By The Duc de la Rochefoucauld

Read by David Rintoul
3 hours and 26 minutes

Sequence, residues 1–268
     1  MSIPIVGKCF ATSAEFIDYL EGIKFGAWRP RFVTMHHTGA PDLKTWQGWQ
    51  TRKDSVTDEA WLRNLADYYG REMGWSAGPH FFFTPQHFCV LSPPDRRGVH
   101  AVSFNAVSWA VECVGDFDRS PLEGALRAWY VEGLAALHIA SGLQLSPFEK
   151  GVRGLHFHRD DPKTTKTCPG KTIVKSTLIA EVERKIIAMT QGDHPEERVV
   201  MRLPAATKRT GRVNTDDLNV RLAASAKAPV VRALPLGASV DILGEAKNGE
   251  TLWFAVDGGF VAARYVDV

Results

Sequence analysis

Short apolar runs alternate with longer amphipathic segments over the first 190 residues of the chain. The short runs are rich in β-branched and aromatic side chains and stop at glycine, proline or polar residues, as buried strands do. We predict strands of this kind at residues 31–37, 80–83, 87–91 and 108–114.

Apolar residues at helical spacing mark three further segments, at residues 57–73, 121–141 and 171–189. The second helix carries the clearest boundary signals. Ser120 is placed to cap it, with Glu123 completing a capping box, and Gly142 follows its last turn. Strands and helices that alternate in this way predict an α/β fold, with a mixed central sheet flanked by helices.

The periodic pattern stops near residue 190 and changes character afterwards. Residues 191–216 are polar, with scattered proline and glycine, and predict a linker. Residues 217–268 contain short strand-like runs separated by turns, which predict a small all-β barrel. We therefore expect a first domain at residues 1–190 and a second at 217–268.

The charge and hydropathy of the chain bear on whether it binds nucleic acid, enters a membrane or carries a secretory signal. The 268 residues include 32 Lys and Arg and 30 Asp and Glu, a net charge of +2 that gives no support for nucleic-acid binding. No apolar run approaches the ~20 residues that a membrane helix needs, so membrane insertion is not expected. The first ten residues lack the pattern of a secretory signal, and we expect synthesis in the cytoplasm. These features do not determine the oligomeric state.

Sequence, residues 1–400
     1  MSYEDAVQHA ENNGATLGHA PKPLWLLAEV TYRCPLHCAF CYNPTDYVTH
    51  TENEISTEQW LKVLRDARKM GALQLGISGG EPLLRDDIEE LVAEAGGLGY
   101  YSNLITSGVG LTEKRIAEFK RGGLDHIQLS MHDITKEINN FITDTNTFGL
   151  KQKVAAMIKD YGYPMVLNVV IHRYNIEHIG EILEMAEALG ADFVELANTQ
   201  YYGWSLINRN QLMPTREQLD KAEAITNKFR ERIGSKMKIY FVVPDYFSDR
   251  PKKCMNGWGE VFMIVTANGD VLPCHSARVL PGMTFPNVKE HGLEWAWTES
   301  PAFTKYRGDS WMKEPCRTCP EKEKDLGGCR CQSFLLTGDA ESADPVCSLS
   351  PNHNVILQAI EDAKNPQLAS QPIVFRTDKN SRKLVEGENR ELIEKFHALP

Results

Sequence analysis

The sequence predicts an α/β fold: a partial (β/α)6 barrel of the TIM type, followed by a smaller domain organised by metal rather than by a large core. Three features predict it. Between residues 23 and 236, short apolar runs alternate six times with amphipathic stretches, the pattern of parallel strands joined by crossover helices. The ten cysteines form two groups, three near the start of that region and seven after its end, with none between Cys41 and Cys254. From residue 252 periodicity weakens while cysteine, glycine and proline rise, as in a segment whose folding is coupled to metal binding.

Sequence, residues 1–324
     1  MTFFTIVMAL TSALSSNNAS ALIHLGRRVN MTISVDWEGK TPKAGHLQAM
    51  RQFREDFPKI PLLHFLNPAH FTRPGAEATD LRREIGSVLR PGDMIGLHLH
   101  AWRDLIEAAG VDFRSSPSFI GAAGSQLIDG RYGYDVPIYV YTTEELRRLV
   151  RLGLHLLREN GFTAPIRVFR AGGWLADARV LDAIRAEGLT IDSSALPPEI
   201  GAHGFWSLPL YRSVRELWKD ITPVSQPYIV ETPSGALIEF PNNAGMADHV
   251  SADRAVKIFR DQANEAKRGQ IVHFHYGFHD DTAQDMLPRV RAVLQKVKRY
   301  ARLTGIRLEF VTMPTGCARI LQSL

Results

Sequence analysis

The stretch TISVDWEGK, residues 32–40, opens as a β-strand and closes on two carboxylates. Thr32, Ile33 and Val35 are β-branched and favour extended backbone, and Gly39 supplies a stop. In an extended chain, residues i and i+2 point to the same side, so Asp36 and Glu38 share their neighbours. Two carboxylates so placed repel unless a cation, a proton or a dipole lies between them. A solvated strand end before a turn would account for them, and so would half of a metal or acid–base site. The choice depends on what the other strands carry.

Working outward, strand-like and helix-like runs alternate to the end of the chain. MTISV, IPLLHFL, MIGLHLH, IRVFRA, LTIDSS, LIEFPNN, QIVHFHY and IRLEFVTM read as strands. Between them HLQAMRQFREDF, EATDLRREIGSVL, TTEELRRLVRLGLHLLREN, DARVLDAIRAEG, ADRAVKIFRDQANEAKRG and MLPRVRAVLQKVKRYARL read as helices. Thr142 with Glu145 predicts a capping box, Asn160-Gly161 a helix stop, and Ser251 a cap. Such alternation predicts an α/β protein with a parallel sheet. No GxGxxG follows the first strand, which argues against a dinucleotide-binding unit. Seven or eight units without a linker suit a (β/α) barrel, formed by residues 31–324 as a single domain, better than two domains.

‘There’s no fool like an old fool’…’The world is full of pots calling kettles black’… ‘We can no more set a term to our passions than to our life’. These are just three of the aphorisms that made the collection of Maxims by François, Duc de la Rochefoucauld an enduring influence upon succeeding generations following their initial publication in 1665. And the effect continued up to the present day – his admirers have included figures as varied as Lord Chesterfield, Thomas Hardy, Nietzsche, Stendhal, Gide; and in more recent times even Dorothy Parker, herself a prolific producer of epigrams. Rochefoucauld (1613-1680) a well-known member of the French nobility, had a rich life with a bold military career. He proved courageous in battle, was wounded several times, and nearly lost his sight. Not always finding himself on the successful side of politics, his career, and standing in high circles, was curtailed. However, he was also involved in literary salons, and was respected as a moralist and man of letters at a time when it was fashionable to read maxims out loud at gatherings. A number of editions of his Maxims appeared during his lifetime as he revised his choices, deleting some and adding others. In total, a little over 600 have survived which can be confidently ascribed to La Rochefoucauld. They vary considerably in style, length and content. Many are short (as those mentioned above); but others are longer, aiming at observations or truths which go beyond the witty flourish or the acutely pointed barb. For La Rochefoucauld was a perceptive observer of humanity in all its multi-faceted guises. Often he gave little quarter to human foibles, especially in the area of (in his celebrated phrase) ‘amour-propre’, or self-love, and clearly enjoyed cataloguing a range of emotions and effects where this comes into human play. ‘Self-love is the greatest flatterer of them all,’ is the second maxim in the collection; the third is ‘Though the realm of self-love has been explored, its uncharted territories remain vast;’ and the fourth: ‘Self-love can still outwit the shrewdest of men.’ But this collection is much more than a basket of one-liners. He discusses aspects of death in an 800-word paragraph – a matter on which he could speak with some authority having faced it on many occasions in battle. He addresses laziness: ‘Of all our emotions, laziness is the one of which we are ourselves least aware. It is also the most intense and malignant of them all, though its violence be imperceptible and the damage it causes remain very well hidden.’ This recording presents a scholarly but accessible 20th century translation by Constantine FitzGibbon, and opens with an introduction to the life and works of La Rochefoucauld, as well as his own description of himself. And it closes with a brief but interesting bibliography, in which FitzGibbon brings clarity to the various editions. It is presented in a very listenable manner by David Rintoul, who gives each maxim the weight and character it deserves.



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